Thyssenkrupp, best known for its steering systems, has also expanded significantly. The company, which changed its name to thyssenkrupp Components Technology, boosted its staff in several locations: the number of employees has increased in Budapest, at the headquarters, and in Győr (in western Hungary) as well.  

The company has also increased the number of its manufacturing facilities. This March, a state-of-the-art HUF 30 billion plant was opened in Jászfényszaru (72 km east of Budapest), which will create 500 new workplaces. Another plant is under construction in Debrecen (231 km east of the capital): the HUF 11 bln factory will create 250 new jobs as of this summer.  

Another foundation stone was laid at the Hungarian site of the Mercedes-Benz plant in Kecskemét this June. The company is building the first full-flex plant of its global production. The EUR 1 bln investment project will also apply green production solutions, and will the conditions of flexible production regardless of the vehicle’s make, and drive. The company says it will create more than 2,500 new jobs through this investment.  

It was not only good figures (e.g. production rose by more than 4%) that made 2017 a milestone in the company’s history but also because the company launched investments serving the future generations of employees. (For more on the Mercedes-Benz investments in Hungary, see story opposite.)

Assembly Innovation

Innovation on the assembly lines is also in evidence at Audi Hungaria in Győr. The company has made further steps towards becoming a smart factory: following the pattern of the human-robot cooperation that exists at the production line of the four-cylinder Otto engines, further robot “colleagues” have been deployed. In the electric-engine production department, the company says it will implement a whole new production concept called modular production.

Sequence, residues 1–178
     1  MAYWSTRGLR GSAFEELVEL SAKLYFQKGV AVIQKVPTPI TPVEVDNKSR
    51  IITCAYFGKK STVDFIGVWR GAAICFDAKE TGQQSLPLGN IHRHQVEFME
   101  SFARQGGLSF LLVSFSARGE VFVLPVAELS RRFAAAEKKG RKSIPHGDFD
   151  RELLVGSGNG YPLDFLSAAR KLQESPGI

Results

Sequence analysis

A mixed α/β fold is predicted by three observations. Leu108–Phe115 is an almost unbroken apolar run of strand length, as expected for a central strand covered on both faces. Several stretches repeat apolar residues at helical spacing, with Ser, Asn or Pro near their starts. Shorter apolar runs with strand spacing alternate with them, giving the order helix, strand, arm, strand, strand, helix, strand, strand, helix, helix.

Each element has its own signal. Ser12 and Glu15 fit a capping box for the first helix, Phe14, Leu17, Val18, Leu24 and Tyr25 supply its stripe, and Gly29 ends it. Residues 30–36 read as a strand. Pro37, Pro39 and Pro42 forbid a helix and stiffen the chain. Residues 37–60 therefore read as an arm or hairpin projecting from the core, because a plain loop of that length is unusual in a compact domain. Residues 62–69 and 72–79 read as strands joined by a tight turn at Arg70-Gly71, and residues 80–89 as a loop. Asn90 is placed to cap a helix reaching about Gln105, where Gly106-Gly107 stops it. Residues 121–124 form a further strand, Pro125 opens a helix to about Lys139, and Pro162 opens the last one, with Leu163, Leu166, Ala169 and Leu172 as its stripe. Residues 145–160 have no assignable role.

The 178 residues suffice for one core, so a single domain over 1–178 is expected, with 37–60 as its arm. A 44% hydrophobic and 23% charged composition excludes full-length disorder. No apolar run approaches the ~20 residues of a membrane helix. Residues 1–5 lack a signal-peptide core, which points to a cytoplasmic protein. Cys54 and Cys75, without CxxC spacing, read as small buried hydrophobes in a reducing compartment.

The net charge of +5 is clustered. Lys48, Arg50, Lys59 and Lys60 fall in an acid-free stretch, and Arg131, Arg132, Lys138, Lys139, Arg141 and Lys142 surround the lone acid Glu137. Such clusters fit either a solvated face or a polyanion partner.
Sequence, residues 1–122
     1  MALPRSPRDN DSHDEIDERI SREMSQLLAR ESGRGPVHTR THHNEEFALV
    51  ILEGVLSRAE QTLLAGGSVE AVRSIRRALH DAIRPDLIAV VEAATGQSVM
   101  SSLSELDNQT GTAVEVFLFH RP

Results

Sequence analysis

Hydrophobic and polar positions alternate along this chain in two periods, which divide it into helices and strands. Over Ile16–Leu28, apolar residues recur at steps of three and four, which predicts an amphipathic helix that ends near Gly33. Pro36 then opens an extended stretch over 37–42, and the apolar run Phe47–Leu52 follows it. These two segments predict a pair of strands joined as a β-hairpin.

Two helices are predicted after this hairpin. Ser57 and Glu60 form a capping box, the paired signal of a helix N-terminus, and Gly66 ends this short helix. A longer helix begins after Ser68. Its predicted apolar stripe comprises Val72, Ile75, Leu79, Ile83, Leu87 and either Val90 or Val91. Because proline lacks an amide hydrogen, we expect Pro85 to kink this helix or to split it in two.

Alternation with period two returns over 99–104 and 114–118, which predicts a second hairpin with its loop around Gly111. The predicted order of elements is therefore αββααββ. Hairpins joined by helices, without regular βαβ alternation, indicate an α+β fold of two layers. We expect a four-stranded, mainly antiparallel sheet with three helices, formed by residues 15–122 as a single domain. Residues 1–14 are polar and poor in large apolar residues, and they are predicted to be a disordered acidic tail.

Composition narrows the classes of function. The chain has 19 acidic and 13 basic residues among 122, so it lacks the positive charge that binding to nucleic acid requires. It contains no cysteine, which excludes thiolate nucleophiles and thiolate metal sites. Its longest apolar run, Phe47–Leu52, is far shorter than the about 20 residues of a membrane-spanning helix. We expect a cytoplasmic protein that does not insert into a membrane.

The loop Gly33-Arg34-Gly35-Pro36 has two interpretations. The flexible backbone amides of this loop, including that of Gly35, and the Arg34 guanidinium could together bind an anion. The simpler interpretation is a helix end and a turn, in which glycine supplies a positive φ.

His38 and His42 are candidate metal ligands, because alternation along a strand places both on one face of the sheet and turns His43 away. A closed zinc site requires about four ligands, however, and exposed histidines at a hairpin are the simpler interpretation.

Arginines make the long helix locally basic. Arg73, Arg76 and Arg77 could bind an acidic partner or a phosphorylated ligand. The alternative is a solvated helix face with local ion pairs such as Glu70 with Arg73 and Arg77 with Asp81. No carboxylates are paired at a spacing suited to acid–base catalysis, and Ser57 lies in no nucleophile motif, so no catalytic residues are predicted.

Audi Hungaria implemented investment projects with a total value of EUR 442 million in the 2017 business year, a 45% increase compared to 2016. The total cumulative volume of investment since the establishment of the company here comes to EUR 8,753 mln. Audi is one of Hungary’s most attractive employers: at the end of last year the company was employing 12,307 employees.

The general positive sentiment and the effects of improvements is reflected in companies’ commitment to stay here. According to the DUIHK survey, 84% of those asked said they would choose Hungary as an investment location again. This has been the highest value in the past two decades (during which time the figure has ranged between 71% and 84%).  

“Siemens has been present in the country for 130 years, showing significant commitment to Hungary,” Dale A. Martin, CEO of Siemens Zrt., tells the Budapest Business Journal.

“We intend to carry on this commitment into the future by contributing to the digitalization of the country and enhancing Hungary’s economic competitiveness. We invest in Hungary and create meaningful jobs. Our local R&D and production capacities qualify us for further expansion,” he adds.